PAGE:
VMAQ-2, MALS-14 Marines, sailors return from UDP
US Marine Corps News
By Lance Cpl. Victor A. Arriaga | Marine Corps Air Station Cherry Point | February 24, 2014
MARINE CORPS AIR STATION CHERRY POINT, N.C. -- More than 200 Marines and sailors with Marine Tactical Electronic Warfare Squadron 2 and Marine Air Logistics Squadron 14 returned to Marine Corps Air Station Cherry Point Feb. 13 after participating in the squadron's first Unit Deployment Program rotation to Marine Corps Air Station Iwakuni, Japan, since 2002.
While deployed for six months, the squadron provided electronic warfare support to Pacific Command in the event of major conflict or contingency operations. EA-6B Prowlers play a critical role in the suppression of enemy air defenses during combat operations, said Maj. Geoffrey Z. Gosik, the executive officer of VMAQ-2.
"As always, the Marines of VMAQ-2 performed exceptionally well, displaying the 'Can Do Easy' spirit of the squadron while exceeding all expectations," said Gosik, citing the squadron's motto. "The squadron overcame a heavy maintenance workload that enabled squadron aircrews to participate in valuable training opportunities that are not available at Cherry Point."
A highlight of the deployment was integrating with PACOM after more than a decade of deploying in support of contingency operations in Iraq and Afghanistan, according to Gosik.
"Having the opportunity to work with our allies in the region, like the South Koreans, was a unique experience, which benefited the squadron and helped it gain valuable knowledge," Gosik said. "Also, we participated in Exercise Forager Fury II at Anderson Air Force Base, Guam for six weeks which allowed the squadron to integrate with a Marine Aircraft Group in an expeditionary environment."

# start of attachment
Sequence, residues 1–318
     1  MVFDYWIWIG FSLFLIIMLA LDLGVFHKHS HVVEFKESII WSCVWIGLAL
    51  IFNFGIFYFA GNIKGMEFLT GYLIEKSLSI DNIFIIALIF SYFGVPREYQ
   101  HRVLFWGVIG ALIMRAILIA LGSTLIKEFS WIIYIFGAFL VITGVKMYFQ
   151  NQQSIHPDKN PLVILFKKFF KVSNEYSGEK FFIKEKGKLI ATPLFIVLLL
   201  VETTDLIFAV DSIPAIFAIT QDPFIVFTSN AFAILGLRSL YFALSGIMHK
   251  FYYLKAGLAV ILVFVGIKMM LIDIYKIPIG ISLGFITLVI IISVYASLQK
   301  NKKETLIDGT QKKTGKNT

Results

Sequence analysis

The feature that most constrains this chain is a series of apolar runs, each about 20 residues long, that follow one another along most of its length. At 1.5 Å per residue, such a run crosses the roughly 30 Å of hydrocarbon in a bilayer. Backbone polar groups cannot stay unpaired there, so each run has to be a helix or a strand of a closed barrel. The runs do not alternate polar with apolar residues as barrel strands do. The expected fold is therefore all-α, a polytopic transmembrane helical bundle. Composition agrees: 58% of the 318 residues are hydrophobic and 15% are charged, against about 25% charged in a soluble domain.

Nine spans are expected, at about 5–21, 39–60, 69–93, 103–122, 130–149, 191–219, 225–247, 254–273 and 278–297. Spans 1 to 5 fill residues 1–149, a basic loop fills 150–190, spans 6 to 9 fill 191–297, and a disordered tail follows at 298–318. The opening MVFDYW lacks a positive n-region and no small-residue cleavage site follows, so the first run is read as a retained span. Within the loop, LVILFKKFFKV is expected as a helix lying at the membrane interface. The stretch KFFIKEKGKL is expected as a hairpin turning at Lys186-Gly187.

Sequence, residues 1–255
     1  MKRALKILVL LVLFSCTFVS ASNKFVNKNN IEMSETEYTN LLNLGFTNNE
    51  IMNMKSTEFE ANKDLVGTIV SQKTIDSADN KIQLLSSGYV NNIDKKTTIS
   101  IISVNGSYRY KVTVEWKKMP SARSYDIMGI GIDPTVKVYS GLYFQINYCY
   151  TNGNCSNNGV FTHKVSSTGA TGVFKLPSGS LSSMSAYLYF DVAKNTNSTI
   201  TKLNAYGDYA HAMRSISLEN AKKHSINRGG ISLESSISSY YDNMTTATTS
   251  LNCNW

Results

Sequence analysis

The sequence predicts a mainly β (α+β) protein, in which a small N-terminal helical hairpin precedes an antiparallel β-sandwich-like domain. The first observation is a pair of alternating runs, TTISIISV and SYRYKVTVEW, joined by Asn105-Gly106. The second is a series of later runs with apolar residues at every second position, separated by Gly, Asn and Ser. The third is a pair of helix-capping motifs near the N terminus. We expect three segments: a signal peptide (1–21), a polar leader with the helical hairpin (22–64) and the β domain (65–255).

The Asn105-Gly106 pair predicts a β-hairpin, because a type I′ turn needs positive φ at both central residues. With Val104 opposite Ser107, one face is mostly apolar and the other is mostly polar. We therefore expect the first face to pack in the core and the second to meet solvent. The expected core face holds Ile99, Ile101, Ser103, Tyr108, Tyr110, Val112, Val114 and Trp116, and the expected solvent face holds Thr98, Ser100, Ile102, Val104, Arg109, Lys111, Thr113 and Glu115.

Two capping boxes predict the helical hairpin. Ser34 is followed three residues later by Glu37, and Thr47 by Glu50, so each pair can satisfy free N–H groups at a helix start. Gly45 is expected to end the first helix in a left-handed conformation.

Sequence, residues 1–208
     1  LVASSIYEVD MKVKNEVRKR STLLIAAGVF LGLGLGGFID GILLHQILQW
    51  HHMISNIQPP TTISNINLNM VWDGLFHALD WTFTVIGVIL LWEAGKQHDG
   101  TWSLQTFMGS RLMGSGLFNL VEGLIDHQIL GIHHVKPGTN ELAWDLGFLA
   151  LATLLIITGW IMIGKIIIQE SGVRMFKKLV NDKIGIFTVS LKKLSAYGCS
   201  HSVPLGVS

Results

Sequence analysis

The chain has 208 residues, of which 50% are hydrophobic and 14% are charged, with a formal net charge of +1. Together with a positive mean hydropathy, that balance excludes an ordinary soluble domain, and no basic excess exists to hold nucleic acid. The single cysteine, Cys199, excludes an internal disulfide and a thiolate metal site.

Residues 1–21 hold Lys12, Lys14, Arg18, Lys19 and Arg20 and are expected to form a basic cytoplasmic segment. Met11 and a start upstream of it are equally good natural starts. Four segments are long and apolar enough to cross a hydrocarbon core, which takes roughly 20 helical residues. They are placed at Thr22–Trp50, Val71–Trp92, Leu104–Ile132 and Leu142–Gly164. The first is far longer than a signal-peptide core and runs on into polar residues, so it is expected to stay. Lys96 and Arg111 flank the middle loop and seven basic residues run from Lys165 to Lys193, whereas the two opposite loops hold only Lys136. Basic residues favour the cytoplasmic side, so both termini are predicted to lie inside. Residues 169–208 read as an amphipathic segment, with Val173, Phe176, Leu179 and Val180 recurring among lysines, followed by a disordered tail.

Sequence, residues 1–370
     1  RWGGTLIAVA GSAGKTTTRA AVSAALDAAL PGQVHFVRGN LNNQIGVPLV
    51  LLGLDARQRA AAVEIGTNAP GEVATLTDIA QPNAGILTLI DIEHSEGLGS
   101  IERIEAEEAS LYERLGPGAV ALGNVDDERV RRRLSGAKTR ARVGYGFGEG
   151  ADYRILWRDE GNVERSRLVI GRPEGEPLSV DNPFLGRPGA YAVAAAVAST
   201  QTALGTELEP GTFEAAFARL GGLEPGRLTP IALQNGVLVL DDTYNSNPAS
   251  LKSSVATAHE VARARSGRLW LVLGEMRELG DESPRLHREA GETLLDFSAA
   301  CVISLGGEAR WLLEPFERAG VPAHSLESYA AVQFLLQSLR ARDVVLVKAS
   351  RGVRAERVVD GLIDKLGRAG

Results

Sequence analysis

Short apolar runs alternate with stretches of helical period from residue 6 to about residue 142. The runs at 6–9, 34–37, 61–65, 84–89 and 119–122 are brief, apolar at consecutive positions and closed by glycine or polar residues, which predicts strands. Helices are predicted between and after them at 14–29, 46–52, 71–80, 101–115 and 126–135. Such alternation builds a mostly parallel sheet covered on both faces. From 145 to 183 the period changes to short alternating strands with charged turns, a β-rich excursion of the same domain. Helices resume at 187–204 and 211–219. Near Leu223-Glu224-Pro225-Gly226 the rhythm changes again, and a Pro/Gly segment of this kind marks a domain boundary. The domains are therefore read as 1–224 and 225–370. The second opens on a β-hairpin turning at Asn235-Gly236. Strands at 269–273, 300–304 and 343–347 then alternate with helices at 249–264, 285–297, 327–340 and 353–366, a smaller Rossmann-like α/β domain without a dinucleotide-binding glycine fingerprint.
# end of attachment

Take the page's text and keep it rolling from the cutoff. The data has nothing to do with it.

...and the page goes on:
Accomplishing their mission, the VMAQ-2 Marines and Sailors returned home to their loved ones after six months apart. For some, the return marks the end of a familiar journey, according to Maria Garcia, Marine wife of Sgt. Tino Garcia, who returned from his fifth deployment. After so long apart, the couple's children were eager to welcome home their father.
"The ones who are really excited for him to get back are the children," said Maria. "Since it doesn't really get to me until he steps off that bus, I'll let them hug him first."
When the buses rolled up to the hangar a little past midnight, Garcia spotted his children and went straight for a hug.
"I am so glad to be back because it's been too long," said Sgt. Garcia, a power line mechanic with the squadron. "I was worried because we almost got stuck on the way here so I was afraid I wasn't going to be here in time for Valentine's Day, but we made it and it's great to be back."
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